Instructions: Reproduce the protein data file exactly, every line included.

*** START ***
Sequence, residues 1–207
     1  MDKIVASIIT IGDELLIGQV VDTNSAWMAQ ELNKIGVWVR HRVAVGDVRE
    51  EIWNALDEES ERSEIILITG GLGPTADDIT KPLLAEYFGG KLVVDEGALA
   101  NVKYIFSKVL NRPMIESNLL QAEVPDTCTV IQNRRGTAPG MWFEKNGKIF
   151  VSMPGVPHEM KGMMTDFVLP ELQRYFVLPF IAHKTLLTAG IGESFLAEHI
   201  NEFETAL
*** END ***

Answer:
Sequence, residues 1–207
     1  MDKIVASIIT IGDELLIGQV VDTNSAWMAQ ELNKIGVWVR HRVAVGDVRE
    51  EIWNALDEES ERSEIILITG GLGPTADDIT KPLLAEYFGG KLVVDEGALA
   101  NVKYIFSKVL NRPMIESNLL QAEVPDTCTV IQNRRGTAPG MWFEKNGKIF
   151  VSMPGVPHEM KGMMTDFVLP ELQRYFVLPF IAHKTLLTAG IGESFLAEHI
   201  NEFETAL